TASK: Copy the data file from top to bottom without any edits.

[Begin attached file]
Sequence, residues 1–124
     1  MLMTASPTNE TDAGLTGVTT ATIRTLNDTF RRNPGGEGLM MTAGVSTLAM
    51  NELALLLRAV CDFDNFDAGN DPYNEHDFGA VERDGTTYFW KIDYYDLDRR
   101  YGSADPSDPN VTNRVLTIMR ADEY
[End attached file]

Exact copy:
Sequence, residues 1–124
     1  MLMTASPTNE TDAGLTGVTT ATIRTLNDTF RRNPGGEGLM MTAGVSTLAM
    51  NELALLLRAV CDFDNFDAGN DPYNEHDFGA VERDGTTYFW KIDYYDLDRR
   101  YGSADPSDPN VTNRVLTIMR ADEY